by Matt Saldaña
Since a survey of Jordan Lake commissioned by developer Neal Hunter first surfaced at a commissioners' meeting last November (nearly three years after it was approved, without review, by former planning director Frank Duke), things have heated up slightly for Southern Durham Development. The company's proposed "751 Assemblage" mega-development hinges on Hunter's survey, which effectively places the project's 164 acres outside a 1-mile protected boundary surrounding Jordan Lake. Last month, the state Division of Water Quality approved the survey, which only examined the northeast corner of Jordan Lake, but urged Durham to "seek a regional and systematic approach to making future revisions." Now, both Durham City Council and the Board of County Commissioners must decide whether to approve corresponding revisions to Durham's Unified Development Ordinance and Comprehensive Plan, despite Southern Durham Development's recent efforts to forgo the required public meetings.
Why is Southern Durham Development afraid to face the music? For starters, the fact that Hunter owned the 164 acres his survey removed from the 1-mile protected area has not played particularly well with the public. (After securing approval from Duke, Hunter sold the property to Southern Durham Development, of which he is a minority shareholder.) But the company's recent attempts to avoid public hearings may further backfire, as public officials decide whether to approve several revisions in order to permit the development.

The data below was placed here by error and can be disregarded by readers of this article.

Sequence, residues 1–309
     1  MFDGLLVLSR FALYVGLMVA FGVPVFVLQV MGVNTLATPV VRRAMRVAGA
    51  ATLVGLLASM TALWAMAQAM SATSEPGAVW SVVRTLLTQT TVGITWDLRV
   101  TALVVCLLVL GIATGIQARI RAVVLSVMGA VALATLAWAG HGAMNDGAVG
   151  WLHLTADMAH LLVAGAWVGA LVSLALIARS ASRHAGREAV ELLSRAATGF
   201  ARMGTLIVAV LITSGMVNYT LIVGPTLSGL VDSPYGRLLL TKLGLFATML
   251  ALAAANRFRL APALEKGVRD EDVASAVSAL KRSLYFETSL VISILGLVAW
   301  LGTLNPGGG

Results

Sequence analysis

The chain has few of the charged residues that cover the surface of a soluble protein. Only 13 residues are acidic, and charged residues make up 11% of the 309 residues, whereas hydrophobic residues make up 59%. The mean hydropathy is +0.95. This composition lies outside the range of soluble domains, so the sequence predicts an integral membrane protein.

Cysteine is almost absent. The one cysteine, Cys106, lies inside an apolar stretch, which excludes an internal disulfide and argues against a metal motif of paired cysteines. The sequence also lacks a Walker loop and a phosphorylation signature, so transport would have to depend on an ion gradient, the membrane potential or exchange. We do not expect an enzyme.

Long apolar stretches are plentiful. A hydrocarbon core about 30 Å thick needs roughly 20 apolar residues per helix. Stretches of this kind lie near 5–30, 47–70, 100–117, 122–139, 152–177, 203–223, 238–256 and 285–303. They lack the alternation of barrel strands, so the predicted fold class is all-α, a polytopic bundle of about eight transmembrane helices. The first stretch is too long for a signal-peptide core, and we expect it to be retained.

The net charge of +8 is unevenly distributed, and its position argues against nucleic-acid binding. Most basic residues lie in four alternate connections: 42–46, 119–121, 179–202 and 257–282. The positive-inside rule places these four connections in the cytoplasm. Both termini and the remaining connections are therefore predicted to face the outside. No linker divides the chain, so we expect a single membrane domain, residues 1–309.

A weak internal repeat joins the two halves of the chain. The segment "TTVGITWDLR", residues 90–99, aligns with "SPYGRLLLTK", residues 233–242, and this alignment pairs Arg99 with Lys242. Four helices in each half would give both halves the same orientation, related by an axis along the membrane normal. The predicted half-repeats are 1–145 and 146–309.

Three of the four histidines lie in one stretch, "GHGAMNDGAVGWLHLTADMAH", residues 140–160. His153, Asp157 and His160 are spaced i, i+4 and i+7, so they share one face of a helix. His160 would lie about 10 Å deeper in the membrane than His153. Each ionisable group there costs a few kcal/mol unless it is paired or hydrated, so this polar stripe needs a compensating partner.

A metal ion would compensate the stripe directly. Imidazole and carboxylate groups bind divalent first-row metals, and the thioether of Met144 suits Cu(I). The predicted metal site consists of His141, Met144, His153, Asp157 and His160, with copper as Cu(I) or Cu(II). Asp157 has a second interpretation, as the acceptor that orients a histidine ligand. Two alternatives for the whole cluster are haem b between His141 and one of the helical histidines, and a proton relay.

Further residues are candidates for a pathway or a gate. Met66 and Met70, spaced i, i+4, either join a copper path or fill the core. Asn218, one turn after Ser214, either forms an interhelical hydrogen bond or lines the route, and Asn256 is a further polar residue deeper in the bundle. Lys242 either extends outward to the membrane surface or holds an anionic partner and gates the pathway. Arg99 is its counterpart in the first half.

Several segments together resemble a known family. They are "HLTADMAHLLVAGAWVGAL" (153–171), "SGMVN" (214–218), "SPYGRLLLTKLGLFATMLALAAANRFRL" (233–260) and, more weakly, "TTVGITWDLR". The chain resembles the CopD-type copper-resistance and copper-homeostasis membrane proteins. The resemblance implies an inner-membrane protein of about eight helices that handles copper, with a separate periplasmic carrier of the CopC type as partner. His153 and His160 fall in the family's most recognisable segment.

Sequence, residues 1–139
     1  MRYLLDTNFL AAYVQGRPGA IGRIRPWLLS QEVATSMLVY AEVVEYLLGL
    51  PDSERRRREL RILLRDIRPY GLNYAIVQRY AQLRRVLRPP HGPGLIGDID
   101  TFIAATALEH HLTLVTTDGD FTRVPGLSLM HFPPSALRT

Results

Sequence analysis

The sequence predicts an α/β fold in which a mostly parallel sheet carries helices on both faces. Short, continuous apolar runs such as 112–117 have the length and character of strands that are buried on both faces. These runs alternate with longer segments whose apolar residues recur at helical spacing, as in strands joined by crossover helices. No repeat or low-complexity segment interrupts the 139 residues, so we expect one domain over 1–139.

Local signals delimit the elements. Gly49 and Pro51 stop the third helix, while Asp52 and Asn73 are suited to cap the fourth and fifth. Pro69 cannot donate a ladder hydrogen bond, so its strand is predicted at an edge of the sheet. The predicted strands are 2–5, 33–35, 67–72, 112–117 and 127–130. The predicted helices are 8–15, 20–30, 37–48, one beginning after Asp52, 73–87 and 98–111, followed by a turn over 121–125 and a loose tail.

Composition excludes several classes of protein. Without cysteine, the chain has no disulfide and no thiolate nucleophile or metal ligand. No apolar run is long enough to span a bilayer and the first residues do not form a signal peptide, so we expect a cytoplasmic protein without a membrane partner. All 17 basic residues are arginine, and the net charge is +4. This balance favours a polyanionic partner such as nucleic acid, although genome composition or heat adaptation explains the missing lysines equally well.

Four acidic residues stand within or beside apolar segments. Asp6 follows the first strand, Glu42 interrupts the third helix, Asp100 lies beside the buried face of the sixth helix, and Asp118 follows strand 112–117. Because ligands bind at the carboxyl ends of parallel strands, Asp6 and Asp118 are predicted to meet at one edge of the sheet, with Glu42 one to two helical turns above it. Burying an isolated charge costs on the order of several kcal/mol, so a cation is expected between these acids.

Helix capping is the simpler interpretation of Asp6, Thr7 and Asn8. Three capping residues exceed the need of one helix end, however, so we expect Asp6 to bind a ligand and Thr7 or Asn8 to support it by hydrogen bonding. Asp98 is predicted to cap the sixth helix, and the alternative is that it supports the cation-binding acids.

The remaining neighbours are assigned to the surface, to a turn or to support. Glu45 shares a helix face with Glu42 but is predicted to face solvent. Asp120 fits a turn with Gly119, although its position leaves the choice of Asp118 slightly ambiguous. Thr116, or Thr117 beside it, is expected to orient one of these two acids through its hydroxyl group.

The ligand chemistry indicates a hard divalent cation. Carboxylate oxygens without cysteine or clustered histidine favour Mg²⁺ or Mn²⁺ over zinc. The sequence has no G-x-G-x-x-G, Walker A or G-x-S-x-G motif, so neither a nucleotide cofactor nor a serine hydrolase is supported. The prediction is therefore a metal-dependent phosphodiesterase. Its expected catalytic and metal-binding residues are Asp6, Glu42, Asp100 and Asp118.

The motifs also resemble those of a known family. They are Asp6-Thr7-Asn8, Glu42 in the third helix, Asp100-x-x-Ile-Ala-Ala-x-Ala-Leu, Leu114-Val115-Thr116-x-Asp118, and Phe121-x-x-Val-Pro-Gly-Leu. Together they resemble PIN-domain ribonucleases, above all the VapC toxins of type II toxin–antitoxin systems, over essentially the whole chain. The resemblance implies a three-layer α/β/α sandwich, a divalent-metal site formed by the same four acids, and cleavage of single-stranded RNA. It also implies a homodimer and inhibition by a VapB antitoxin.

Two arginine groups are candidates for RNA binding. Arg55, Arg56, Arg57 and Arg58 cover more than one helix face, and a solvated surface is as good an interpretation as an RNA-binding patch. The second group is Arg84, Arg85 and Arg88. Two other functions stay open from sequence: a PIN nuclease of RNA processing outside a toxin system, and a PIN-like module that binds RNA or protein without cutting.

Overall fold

Recently, New Hope Creek Advisory Committee chair Robert Healy wrote to commissioners (DOC, 28KB) on his own behalf, urging them to reject the survey when it comes up for a vote: (after the jump)
The possible adoption of a privately done land study as an input to regulation of other important water sources to Jordan Lake strikes me as shockingly inconsistent with the fair and deliberate way in which other lands have been regulated, in Durham and in other parts of the state and the nation. IT IS NOT FOR THE REGULATED ENTITY TO DECIDE WHAT THE PUBLIC INTEREST IS AND HOW IT SHOULD BE PROTECTED. It is the power and duty of government, and government alone.
County commissioners aren't the only ones standing between Southern Durham Development and its construction of the 751 Assemblage. At a March 5 Joint City-County Planning Committee meeting, Planning Commission chair George Brine announced that he had written the N.C. Environmental Management Commission to appeal DWQ's ruling directly. (DWQ serves as a watchdog for EMC.) In a letter dated Jan. 23, 2009 (DOC, 40KB), Brine writes:
I believe that any survey used to justify a shift in this boundary needs to be impartial and of unquestionable accuracy. As I have detailed above, I do not believe that the partial survey submitted to DWQ meets these criteria. Therefore, I request that EMC reverse DWQ's decision to accept this survey. Such an action would then compel Durham County to move forward with the independent and impartial survey put on hold back in November, 2008.
At that meeting, Durham City-County Planning Director Steve Medlin noted that, even if both City Council and the Board of County Commissioners approve pending modifications to the Unified Development Ordinance and the Comprehensive Plan, Southern Durham Development has one more hoop to jump through: a re-zoning approval for mixed-use development.
That process, coincidentally, will require hearings before both governing bodies. And yes, the public is invited.